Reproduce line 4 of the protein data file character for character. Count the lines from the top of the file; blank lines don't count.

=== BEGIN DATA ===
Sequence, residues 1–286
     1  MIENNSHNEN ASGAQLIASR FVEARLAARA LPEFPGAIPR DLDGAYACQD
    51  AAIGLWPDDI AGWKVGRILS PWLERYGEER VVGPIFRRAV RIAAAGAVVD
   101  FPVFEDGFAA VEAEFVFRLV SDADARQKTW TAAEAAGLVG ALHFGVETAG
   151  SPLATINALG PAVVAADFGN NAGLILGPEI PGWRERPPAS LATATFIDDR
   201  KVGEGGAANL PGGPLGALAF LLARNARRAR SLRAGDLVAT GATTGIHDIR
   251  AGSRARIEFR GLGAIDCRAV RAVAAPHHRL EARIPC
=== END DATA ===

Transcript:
   101  FPVFEDGFAA VEAEFVFRLV SDADARQKTW TAAEAAGLVG ALHFGVETAG